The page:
According to school procedures, the principal of the school was contacted. Ms. Greavis went to telephone the student's parents to ask them to come to the school and pick up the student. Also, in keeping with school procedures, Ms. Greavis filled out a written behavior report, and turned it in to the Dean of Students. That report, which was entered into evidence, reflects that Ms. Greavis was scratched and kicked during the incident.
Two to three days following the incident, Ms. Greavis also typed a detailed "Statement of the Incident" and turned it in to the principal. That incident report, also introduced into evidence, reflects that during the process of attempting to control the student, Ms. Greavis was scratched, her feet were stomped on, and she received a hard kick to her left knee. During the trial of this matter, Ms. Greavis indicated that this particular child had been her student since she was in the second grade, and that she had always exhibited physical behavior, but that previously, the student was smaller and Ms. Greavis was able to handle her better. However, at the time of the incident at issue, the child was thirteen years old, and was bigger and taller than Ms. Greavis, making it more difficult for Ms. Greavis to restrain her.
Although candidly admitting that, given the nature of her educational role with special needs students, she had been struck by students in the past, Ms. Greavis testified that the incident at issue was the first one in her entire career that caused her serious injury for which she ultimately filed a compensation claim. She indicated in her claim for workers' compensation benefits (discussed below) that the kick to her knee was a hard one and that it immediately bruised and hurt, but that the more severe pain and swelling began weeks afterwards. (More detailed information about the injury will be provided later herein.)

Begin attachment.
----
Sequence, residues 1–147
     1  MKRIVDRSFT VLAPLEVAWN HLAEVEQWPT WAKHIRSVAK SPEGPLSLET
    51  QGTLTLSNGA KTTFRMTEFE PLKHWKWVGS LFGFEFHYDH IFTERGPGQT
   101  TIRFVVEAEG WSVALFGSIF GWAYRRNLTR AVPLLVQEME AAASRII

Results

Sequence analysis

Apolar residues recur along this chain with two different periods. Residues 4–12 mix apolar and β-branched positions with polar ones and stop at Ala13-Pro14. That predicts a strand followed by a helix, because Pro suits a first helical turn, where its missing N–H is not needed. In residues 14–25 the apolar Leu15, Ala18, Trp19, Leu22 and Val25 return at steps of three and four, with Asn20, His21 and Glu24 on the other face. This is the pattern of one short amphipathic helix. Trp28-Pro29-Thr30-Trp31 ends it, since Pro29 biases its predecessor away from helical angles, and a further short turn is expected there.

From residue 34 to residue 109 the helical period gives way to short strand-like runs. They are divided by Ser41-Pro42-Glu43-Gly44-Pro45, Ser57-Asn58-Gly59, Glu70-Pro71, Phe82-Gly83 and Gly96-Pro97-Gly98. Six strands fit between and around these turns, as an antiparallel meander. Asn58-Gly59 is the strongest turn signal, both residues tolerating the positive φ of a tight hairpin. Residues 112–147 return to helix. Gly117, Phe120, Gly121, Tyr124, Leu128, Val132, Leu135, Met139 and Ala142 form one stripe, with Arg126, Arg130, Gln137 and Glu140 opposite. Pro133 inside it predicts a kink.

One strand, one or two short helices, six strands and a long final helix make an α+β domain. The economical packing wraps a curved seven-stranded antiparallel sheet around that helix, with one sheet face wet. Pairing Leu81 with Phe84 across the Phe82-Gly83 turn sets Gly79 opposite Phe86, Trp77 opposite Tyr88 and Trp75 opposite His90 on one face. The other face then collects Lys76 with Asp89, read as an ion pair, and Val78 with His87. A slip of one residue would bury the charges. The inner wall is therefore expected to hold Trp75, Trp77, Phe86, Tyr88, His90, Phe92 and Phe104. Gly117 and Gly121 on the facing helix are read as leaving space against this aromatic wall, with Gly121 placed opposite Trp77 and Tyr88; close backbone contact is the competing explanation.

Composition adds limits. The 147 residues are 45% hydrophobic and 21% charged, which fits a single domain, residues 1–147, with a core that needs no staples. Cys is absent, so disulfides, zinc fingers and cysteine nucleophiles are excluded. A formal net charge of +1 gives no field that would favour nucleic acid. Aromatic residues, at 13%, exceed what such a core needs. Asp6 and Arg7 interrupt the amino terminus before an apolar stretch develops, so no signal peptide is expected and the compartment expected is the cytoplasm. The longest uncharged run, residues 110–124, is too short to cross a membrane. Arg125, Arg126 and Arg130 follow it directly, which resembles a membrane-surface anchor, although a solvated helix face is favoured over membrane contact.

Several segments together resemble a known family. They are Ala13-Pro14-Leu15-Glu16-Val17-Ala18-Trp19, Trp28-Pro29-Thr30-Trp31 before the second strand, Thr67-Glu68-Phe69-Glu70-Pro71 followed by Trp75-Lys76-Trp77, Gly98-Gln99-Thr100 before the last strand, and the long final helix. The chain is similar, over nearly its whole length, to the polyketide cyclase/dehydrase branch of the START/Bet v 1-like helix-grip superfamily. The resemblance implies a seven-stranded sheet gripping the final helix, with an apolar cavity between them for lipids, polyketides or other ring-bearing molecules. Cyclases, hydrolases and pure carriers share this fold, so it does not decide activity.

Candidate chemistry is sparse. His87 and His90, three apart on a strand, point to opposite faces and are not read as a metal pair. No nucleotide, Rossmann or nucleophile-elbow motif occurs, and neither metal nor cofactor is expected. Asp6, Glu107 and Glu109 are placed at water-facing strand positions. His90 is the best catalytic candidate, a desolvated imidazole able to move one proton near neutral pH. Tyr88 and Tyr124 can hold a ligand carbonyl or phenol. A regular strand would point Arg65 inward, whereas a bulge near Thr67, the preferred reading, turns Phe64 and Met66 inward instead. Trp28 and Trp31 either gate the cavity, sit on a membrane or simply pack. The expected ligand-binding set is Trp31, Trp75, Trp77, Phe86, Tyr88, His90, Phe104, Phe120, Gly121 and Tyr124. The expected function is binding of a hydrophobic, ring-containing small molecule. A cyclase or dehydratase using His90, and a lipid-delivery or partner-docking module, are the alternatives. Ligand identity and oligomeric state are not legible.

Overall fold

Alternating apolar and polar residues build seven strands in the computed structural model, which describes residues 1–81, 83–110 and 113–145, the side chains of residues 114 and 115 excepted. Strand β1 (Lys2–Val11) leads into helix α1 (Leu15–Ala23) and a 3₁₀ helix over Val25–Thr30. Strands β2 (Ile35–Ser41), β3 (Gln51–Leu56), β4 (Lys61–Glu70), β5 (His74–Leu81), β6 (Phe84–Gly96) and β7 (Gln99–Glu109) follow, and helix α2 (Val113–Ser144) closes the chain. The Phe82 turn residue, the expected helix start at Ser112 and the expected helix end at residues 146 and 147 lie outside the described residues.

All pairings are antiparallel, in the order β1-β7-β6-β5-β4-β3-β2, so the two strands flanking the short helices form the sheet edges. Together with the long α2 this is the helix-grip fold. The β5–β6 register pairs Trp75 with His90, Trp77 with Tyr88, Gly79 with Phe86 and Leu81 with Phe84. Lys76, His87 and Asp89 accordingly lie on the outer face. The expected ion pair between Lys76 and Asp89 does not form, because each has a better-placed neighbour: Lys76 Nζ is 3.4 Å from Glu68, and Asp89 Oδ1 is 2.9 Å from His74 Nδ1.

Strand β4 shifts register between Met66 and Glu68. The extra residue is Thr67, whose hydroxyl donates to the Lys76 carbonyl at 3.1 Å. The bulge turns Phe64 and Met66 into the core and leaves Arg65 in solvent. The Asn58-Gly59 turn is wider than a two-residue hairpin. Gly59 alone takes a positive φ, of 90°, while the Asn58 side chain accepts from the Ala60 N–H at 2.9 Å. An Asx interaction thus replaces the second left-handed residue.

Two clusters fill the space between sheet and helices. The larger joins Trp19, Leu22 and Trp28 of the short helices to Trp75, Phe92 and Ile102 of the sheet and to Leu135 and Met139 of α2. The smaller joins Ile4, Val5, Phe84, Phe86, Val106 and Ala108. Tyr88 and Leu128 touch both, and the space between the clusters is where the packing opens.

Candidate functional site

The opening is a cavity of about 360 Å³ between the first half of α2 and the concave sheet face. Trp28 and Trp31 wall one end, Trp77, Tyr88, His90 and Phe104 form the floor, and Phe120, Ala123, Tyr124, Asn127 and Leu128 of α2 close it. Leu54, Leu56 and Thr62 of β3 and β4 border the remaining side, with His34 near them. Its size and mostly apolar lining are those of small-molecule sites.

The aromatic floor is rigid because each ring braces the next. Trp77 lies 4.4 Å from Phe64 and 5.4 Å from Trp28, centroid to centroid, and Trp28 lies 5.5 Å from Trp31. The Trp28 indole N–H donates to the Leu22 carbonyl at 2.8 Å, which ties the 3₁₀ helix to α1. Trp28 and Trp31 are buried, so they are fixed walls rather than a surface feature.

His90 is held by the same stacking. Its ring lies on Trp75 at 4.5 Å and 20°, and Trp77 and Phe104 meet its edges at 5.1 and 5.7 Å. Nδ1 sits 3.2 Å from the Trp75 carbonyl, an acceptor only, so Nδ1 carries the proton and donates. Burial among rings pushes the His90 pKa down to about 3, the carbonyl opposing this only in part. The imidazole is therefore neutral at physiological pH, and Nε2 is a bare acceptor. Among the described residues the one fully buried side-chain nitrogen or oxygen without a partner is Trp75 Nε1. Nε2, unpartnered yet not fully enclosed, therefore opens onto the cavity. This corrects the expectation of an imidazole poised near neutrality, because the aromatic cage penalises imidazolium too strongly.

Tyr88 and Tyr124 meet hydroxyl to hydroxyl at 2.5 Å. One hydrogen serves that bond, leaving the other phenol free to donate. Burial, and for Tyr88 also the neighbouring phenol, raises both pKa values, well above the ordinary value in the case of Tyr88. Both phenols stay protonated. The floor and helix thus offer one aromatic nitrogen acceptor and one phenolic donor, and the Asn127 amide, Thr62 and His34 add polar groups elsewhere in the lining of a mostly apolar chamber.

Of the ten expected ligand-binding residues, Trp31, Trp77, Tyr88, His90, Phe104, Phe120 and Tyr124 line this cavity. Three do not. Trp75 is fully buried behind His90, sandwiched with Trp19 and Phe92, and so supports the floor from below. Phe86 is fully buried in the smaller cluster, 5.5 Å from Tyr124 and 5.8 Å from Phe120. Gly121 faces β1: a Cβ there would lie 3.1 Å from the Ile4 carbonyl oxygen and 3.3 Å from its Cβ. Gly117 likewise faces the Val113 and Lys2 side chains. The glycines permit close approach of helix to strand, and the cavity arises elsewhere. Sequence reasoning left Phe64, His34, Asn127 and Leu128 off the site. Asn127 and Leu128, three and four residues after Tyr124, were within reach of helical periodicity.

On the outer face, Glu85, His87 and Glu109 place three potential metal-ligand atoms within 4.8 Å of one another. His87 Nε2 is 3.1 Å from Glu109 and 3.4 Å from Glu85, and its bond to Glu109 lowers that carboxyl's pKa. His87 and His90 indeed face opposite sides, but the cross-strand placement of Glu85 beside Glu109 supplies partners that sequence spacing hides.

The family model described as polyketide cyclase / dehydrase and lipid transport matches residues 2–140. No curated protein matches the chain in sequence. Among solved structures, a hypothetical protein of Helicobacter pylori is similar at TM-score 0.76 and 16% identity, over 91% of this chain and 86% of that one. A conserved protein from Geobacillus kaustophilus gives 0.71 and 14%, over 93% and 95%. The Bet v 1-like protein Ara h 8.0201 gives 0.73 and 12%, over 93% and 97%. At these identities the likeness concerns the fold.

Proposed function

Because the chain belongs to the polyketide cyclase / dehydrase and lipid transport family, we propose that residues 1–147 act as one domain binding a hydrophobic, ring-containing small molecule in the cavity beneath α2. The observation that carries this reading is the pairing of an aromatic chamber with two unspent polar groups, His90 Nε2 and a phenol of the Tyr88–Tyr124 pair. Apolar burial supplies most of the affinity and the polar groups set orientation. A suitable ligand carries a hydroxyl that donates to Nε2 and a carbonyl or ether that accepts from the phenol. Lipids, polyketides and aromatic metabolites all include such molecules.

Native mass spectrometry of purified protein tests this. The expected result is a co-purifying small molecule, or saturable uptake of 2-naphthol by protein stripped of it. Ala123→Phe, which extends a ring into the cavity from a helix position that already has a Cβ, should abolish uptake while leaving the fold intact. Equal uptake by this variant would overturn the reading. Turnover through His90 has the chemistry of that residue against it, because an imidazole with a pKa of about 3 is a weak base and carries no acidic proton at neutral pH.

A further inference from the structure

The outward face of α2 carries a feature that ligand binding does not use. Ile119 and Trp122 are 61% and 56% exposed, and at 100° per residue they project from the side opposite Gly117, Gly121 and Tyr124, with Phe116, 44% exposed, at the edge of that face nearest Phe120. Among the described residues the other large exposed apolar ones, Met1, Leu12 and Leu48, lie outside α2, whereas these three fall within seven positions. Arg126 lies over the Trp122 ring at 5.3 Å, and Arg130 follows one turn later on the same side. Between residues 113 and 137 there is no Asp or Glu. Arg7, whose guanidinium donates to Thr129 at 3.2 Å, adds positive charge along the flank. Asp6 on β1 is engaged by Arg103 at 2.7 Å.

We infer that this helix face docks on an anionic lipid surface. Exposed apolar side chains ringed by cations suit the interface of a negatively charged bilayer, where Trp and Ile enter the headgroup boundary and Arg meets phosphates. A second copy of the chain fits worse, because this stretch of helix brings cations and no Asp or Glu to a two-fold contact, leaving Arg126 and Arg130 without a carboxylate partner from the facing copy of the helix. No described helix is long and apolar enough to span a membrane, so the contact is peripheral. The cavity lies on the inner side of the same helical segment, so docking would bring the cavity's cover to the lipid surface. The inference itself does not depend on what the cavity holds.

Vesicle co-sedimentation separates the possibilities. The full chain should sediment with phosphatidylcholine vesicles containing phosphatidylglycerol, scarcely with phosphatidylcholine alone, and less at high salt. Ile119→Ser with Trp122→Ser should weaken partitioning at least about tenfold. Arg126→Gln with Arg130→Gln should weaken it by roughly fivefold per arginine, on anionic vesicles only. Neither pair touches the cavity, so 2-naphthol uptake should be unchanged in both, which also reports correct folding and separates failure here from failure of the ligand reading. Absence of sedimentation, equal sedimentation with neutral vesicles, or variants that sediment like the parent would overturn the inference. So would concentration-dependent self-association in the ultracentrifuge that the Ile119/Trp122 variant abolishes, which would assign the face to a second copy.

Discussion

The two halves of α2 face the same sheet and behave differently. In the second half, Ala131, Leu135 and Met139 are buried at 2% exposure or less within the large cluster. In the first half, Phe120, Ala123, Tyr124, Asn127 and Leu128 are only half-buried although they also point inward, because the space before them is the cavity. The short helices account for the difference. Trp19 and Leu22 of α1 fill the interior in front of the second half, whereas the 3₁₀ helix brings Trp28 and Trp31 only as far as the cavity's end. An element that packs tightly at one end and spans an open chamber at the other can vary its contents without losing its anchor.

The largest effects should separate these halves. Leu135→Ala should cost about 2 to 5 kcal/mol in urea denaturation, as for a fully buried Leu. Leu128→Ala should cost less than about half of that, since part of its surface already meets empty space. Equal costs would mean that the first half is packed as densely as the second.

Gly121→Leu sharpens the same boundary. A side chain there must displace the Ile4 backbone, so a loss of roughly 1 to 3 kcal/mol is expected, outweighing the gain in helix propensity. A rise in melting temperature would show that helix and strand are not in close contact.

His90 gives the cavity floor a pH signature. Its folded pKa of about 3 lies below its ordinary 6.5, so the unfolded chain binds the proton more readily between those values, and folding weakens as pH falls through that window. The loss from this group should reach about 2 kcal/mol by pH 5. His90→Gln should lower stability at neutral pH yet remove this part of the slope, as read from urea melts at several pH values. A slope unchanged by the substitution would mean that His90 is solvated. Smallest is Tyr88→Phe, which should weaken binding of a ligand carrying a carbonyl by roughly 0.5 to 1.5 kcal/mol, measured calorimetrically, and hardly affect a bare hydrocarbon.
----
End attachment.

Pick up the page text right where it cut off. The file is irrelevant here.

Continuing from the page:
On March 26, 2012, Ms. Greavis filed a workers' compensation form 1007 in which she claimed to have suffered a compensable injury resulting from being kicked in the left knee by an out-of-control student on November 1, 2011. In that report, Ms. Greavis indicated that the student "kicked [her], on the left leg several times. Leg bruised, however, I did not think that there would, be permanent damage. Pain [and] swelling began weeks afterwards." She described the injury as one to her left knee, resulting in surgery. However, on July 30, 2012, she received a letter from her employer's workers' compensation insurer notifying her that, the claim was being denied and that she should file for reimbursement through her own personal health carrier.
On August 12, 2012, Ms. Greavis filed a disputed claim for compensation with the OWC, again claiming she was assaulted by a student and incurred injury to her left knee while in the course and scope of her employment with the Iberville Parish School Board. She identified as witnesses the two paraprofessionals in the classroom with her that day, Mrs. Rita Thomas and Mrs. Doris Knatt She further identified the health care professionals who had examined and/or treated her as Dr. Theodore Knatt, an orthopedic surgeon of her choice, and Dr. Rodriguez, who performed an IME. She sought both wage benefits and medical treatments related to her knee injury, as well as attorneys fees and penalties.